Mark your calendars: it's just over one month until the deadline to submit your self-assessment tax return on the 31 January, and new research suggests nearly 2m taxpayers will spend the better part of a working day completing their annual submission.
It took 45 per cent of sole traders five hours or more to file their tax return, and 22 per cent said they have spent 10 hours or more on self-assessment, the research said.
Most of the UK's 4.2m non-employing businesses go it alone when it comes to their taxes. The survey found 63 per cent of sole traders manage their returns without help from an accountant or friends and family.
Just five per cent of those surveyed by YouGov said they were fans of the current self-assessment process, whereas 55 per cent said they actively dislike it. No kidding.
HM Revenue & Customs (HMRC) might be adding to those stress levels, too. HMRC came under fire recently for its poor track record of dealing with customer phone calls.
Earlier this year, a parliamentary report revealed that the average call waiting time in October, when paper submissions of self-assessment forms are due, was close to 35 minutes.
YouGov compiled the research for 1 Tap Receipts, an expense management app, to test awareness of Making Tax Digital, an initiative set to replace the HMRC's self-assessment process by 2020.
The new plans mean sole traders and small businesses will keep on top of their tax affairs digitally, giving them a clearer view of their finances in a similar way to online banking.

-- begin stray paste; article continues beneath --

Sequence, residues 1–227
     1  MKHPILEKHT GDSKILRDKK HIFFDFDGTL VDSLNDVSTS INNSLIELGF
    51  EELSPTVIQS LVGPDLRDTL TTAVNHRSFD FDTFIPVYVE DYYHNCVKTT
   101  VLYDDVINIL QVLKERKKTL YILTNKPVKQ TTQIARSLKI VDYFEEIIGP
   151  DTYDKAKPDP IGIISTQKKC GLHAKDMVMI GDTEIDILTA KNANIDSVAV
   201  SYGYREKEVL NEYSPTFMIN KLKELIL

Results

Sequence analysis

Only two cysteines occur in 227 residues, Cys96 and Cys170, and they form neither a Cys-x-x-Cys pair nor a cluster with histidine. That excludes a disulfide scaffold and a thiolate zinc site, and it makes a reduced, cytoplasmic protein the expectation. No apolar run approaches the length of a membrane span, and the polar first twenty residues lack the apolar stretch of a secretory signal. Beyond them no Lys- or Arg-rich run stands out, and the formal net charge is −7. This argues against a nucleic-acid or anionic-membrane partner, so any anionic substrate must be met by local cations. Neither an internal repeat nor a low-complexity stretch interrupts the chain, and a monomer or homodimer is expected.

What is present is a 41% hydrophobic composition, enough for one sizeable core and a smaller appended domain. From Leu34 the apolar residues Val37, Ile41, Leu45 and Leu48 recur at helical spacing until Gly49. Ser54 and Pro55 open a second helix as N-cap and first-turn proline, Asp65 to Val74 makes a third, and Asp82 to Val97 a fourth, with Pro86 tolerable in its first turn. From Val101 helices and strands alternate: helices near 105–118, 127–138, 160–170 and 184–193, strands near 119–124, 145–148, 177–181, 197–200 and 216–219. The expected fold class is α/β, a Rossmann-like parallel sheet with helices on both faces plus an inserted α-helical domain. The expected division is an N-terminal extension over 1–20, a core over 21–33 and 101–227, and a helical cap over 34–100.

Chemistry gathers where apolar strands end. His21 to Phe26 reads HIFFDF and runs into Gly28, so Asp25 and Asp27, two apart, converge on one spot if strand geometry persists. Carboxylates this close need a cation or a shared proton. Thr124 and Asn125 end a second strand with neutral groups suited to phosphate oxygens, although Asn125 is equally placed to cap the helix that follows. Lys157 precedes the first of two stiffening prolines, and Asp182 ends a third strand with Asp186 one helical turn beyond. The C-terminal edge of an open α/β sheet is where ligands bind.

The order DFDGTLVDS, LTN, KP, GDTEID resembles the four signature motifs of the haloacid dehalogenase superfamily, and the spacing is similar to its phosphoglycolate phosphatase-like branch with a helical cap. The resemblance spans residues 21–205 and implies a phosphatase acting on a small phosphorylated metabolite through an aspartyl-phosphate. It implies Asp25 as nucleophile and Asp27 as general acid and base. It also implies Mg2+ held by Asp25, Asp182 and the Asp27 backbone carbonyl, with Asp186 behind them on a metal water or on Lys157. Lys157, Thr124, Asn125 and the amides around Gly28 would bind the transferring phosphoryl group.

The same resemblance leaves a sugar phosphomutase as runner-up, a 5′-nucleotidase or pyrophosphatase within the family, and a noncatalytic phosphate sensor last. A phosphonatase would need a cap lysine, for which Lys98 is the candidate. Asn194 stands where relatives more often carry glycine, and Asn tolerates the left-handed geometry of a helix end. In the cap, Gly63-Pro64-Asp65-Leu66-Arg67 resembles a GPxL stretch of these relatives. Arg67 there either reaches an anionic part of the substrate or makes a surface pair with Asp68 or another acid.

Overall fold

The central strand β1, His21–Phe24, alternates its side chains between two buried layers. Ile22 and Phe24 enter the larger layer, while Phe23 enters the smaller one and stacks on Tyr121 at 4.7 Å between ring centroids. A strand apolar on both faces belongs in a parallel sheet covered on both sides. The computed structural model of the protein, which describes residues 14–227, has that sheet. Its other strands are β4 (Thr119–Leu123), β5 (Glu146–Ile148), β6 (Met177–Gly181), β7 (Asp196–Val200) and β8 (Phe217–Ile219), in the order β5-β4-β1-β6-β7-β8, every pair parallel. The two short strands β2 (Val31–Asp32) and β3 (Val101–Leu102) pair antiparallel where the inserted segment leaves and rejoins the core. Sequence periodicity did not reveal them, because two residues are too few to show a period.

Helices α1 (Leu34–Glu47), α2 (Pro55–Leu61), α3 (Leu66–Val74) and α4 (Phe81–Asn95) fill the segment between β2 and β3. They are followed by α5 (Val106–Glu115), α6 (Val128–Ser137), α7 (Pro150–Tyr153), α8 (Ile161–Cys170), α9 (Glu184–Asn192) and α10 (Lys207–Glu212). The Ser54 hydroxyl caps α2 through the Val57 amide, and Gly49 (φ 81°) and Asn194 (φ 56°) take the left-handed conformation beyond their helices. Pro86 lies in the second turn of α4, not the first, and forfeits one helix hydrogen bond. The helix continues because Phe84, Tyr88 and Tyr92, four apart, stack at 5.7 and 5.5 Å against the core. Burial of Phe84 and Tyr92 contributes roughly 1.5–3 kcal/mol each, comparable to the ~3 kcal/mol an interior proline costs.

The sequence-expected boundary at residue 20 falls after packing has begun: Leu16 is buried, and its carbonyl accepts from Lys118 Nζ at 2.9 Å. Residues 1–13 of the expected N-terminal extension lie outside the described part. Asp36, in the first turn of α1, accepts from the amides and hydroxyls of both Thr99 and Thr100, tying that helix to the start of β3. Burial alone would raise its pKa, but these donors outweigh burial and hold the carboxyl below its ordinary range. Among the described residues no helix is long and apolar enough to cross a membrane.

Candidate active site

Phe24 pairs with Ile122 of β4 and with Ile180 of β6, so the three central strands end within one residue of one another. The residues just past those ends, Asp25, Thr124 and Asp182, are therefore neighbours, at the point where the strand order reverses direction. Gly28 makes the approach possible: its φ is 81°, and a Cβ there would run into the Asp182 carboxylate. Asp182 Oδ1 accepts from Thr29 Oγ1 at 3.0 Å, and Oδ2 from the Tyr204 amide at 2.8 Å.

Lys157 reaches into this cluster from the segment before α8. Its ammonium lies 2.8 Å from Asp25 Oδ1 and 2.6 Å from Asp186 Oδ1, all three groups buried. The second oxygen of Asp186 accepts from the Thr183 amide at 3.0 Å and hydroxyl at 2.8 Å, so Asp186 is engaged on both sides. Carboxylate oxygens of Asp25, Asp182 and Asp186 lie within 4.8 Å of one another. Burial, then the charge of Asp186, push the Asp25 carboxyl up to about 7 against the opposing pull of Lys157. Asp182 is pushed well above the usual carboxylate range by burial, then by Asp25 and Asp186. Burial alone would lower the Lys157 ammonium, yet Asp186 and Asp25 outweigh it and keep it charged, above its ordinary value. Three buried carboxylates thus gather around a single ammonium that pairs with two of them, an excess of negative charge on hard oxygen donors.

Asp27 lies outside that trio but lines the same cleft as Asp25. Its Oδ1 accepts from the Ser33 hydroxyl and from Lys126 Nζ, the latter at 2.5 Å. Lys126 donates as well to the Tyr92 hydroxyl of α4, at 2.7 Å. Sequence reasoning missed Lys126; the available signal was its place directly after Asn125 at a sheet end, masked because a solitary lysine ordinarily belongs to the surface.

“Although it’s a big change, many firms of accountants, and lots of sole traders are already embracing and preparing for it by automating parts of their tax return process to give them a real-time view of their accounts, without the headache of hours spent poring over a spreadsheet," said Michael Wood, Founder of Receipt Bank, the parent company for 1 Tap Receipts.
New systems to digitise the tax system include online Personal Tax Accounts to give taxpayers a real-time picture of their tax situation and the requirement of most businesses, self-employed people and landlords to keep track of their tax affairs digitally and update HMRC on their position at least quarterly.
However, small businesses with turnover of less than £10,000 will be allowed to use the digital services without having to either keep their records digitally or check in with the taxman once every three months.